If you’ve been working hard to pass your degree, it’s likely that you’ve had limited full-time, industry experience. By highlighting relevant extracurricular activities and internships that you have previously participated in, you are showing potential employers that you are able to thrive in a team environment and that you have strong social skills. When adding these experiences to your resume, describe the tasks you performed and the skills you learned.
If you’re listing internships that you’ve completed, ask your supervisor if they are able to provide a reference for you.
04. Include leadership experience
You can add specializations or particular strengths to your resume, like in the example above.
While you may not be applying for a managerial position just yet, recruiters often look for the potential of career growth within the company. And this is where previous leadership experience can show your potential.
Getting promoted in your part-time job, being part of a student representative council, or establishing new ways of doing things at your internship all show that you have the potential to grow and be taught within a company.
05. Employ language tricks
Like with an essay, the language you use in your resume matters. Of course, there are the more obvious requirements like proper grammar and correct spelling, but there are also specific language tricks you can use to make a strong first impression on the recruiter:
- Use action verbs. One easy trick to highlight your accomplishments is to use action verbs. Action verbs express physical or mental action. For a resume, words like operated, executed, coordinated, and produced provide a clear picture of your previous experience.
- Mirror the job description. With so many resumes to read, mirroring the language used in the job description makes it easier for the recruiter to find the direct links between your previous experience and the advertised job.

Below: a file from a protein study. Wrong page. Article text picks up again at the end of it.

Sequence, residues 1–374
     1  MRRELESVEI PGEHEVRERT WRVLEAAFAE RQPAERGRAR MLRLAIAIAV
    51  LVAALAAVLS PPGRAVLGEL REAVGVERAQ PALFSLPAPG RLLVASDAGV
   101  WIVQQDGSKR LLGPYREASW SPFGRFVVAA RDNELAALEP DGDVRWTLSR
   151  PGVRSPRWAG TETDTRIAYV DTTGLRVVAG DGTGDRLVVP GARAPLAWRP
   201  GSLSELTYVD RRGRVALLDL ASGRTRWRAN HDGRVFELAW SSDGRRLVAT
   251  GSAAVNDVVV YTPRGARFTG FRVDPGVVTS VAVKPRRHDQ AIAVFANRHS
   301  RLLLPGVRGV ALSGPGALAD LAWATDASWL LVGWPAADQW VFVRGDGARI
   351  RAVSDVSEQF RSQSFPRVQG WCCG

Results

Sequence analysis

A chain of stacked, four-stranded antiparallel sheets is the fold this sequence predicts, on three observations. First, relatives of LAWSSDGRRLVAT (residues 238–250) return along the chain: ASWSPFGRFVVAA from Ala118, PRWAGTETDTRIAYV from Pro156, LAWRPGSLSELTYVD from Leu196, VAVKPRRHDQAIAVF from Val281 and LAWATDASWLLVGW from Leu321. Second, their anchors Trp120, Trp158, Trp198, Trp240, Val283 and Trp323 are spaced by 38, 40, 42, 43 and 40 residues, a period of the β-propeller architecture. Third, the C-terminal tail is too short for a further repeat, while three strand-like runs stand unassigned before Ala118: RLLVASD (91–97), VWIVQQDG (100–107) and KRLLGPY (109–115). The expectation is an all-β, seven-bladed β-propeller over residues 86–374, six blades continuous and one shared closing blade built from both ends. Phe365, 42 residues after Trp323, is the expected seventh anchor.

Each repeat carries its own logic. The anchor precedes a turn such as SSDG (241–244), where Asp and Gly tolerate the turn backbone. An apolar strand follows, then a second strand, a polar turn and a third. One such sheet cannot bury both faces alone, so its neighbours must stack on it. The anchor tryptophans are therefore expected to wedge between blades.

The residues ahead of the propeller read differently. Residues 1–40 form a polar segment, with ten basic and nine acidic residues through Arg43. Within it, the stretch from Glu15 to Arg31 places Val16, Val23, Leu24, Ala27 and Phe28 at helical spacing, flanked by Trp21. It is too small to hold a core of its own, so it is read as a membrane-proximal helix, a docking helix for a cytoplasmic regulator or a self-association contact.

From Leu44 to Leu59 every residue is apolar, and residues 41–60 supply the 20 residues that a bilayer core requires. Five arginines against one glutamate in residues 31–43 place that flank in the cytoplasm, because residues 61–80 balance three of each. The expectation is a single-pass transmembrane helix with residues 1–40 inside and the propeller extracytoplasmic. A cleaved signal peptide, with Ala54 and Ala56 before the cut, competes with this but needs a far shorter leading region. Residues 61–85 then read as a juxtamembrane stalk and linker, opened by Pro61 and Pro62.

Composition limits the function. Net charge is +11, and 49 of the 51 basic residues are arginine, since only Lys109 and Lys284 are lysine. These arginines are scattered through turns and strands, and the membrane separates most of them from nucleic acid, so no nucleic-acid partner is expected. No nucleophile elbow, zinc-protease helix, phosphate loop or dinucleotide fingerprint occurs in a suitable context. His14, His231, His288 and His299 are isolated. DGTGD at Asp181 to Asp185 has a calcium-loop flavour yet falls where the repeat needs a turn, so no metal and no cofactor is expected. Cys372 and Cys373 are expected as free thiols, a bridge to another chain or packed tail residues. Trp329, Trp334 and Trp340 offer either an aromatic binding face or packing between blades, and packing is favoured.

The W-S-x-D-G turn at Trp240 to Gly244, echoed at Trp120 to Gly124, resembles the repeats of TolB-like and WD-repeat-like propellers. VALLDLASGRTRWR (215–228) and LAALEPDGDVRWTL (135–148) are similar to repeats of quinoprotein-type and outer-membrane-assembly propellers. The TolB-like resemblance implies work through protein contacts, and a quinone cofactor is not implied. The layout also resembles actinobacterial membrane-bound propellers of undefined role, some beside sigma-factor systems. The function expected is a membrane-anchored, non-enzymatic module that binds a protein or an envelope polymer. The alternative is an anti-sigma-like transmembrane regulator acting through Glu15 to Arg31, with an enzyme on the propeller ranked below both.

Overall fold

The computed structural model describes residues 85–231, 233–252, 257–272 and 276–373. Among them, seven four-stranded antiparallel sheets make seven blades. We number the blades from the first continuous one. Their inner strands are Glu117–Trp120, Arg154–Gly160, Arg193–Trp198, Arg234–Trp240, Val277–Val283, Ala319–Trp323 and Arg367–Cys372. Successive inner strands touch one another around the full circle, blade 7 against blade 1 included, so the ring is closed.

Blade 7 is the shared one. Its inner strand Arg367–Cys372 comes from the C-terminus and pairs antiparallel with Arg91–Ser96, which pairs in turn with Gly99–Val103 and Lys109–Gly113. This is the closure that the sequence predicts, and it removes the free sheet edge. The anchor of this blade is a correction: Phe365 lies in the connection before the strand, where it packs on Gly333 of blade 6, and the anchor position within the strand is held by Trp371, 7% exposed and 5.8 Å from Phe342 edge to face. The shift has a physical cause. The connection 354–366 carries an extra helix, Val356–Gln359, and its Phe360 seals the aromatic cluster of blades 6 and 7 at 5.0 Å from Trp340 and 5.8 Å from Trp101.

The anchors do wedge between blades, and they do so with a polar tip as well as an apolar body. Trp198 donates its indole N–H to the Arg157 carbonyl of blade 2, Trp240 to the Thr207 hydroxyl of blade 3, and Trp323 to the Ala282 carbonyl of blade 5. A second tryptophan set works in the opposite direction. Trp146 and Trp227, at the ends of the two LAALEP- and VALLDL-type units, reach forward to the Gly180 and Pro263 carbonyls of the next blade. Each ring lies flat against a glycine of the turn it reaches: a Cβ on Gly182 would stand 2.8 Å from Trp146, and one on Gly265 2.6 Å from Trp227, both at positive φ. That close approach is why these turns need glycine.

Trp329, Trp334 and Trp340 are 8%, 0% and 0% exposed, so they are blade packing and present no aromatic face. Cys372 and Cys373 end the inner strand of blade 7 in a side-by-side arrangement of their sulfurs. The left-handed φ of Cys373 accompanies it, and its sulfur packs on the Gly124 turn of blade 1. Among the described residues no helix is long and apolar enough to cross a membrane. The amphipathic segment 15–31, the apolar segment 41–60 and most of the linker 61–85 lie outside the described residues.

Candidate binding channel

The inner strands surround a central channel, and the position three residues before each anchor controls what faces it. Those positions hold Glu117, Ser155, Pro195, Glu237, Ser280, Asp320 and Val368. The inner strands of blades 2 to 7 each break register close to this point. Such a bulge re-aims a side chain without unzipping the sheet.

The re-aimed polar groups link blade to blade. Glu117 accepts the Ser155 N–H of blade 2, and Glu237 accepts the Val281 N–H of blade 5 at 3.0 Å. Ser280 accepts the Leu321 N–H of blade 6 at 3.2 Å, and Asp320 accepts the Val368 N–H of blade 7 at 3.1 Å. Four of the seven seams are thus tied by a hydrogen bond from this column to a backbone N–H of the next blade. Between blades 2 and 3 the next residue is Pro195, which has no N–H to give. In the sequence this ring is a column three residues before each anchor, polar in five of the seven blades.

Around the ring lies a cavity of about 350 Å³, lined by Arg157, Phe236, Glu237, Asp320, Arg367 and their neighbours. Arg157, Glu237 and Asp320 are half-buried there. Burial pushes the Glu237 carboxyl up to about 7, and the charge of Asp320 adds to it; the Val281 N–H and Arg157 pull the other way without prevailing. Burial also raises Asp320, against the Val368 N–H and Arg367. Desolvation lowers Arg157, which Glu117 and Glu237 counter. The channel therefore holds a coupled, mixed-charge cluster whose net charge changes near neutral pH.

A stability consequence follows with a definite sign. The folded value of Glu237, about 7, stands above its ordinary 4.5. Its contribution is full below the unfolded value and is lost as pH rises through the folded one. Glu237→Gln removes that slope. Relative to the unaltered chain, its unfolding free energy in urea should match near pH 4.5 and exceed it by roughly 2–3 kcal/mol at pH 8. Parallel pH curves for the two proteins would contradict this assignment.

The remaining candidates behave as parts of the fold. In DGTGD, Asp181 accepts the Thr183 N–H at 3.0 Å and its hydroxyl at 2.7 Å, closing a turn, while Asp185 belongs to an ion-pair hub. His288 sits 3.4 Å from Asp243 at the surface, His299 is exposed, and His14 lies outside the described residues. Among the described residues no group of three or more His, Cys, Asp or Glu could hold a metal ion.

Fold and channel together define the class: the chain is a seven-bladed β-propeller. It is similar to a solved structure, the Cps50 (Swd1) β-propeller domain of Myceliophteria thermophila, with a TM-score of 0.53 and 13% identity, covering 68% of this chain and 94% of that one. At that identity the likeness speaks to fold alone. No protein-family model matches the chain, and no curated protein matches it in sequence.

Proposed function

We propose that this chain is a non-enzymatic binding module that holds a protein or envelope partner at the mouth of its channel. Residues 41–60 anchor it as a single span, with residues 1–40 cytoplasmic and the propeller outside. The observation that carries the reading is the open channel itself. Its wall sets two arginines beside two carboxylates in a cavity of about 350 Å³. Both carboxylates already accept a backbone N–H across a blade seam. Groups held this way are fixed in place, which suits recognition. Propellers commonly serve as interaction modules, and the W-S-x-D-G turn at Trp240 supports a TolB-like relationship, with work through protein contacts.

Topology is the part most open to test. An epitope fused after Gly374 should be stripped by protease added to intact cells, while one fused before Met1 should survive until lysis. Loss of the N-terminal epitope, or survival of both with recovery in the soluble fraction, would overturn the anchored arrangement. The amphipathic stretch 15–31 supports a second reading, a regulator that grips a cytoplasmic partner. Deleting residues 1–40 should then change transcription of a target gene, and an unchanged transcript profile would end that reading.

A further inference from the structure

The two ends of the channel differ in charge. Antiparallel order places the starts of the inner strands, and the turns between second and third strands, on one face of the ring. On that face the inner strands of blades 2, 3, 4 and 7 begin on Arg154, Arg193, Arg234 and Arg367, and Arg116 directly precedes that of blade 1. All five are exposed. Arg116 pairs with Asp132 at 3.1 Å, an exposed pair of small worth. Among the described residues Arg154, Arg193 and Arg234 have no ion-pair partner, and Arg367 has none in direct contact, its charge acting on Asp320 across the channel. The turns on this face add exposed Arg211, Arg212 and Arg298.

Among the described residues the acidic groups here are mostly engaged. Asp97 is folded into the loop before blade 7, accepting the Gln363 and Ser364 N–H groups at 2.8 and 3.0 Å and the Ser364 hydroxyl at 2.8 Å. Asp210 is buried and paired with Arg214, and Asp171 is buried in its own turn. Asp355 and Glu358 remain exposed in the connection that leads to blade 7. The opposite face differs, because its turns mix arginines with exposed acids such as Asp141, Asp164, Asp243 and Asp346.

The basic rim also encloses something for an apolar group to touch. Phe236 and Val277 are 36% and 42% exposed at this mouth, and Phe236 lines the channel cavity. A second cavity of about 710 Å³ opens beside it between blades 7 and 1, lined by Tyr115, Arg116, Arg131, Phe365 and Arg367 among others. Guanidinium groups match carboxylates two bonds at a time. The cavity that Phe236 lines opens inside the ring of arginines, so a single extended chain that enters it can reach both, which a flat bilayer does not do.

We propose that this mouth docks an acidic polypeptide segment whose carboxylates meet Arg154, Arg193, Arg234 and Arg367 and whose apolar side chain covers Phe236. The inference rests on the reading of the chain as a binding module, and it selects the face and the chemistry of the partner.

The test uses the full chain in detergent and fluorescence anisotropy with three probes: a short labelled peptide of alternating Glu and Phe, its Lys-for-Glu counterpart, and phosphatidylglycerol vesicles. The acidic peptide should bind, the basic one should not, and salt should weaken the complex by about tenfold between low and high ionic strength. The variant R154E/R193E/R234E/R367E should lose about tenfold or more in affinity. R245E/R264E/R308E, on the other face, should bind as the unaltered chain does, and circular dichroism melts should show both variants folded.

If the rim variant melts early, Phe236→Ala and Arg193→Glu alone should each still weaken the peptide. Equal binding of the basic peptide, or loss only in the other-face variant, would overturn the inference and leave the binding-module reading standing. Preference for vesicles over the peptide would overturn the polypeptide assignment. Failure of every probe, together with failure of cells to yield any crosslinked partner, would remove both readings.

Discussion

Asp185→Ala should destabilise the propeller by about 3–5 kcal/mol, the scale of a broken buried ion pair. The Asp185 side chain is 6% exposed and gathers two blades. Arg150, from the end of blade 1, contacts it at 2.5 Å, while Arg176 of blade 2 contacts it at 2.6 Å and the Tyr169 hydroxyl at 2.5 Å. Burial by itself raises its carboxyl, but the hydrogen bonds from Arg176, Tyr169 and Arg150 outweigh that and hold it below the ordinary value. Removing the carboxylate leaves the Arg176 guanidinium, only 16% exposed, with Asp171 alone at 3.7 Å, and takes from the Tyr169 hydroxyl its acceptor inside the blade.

- Quantify when possible. When possible, include numbers to quantify your achievements. For example, you might say that you increased the social media reach of your college newspaper by 15,000 followers on Instagram, or that you helped an average of 60 customers per day at your previous retail job.
06. Use design principles to help sell your skills
For those who work in creative industries, a black background, like the one used in Andy William’s design above, is a smart design trick that allows your resume to stand out from the rest of the white resumes in a pile.
Research has shown that recruiters spend as little as six seconds reading your resume. One way to grab their attention is with your resume design.
While it can be tempting to add as much information as possible, in a previous Canva article, Andrew Morris, the director of recruitment agency Robert Half Australia, pointed out that it’s important to make your resume easily scannable through the use of white space, and a simple font. Here are some extra design tips to consider:
- When planning out your resume, it’s best to edit your academic and professional experience to be the most recent and most relevant. This means that when you go to design your resume, you have all of your text prepared.
- Use a pre-designed template (or design one from scratch) that is most appropriate for the industry you are applying for. If you’re going for an office job in the corporate sphere, it’s best to choose a resume that uses traditional formatting and muted hues. However, if you’re applying for jobs in the creative sector, you can opt for more unique templates that incorporate unique layouts and bold colors.
- Ensure that there is enough white space on the page. A cluttered resume can distract and overwhelm the recruiter. White space allows your resume to become easily scannable.